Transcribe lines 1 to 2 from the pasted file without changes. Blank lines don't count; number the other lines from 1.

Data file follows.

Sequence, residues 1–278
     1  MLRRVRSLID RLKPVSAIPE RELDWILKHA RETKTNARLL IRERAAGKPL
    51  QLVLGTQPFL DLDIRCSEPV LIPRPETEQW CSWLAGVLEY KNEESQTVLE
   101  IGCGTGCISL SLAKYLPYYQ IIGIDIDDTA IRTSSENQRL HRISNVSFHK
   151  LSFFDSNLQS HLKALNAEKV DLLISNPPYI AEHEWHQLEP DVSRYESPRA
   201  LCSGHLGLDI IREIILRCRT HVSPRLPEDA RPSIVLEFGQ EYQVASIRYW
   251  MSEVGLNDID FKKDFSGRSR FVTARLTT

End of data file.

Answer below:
Sequence, residues 1–278
     1  MLRRVRSLID RLKPVSAIPE RELDWILKHA RETKTNARLL IRERAAGKPL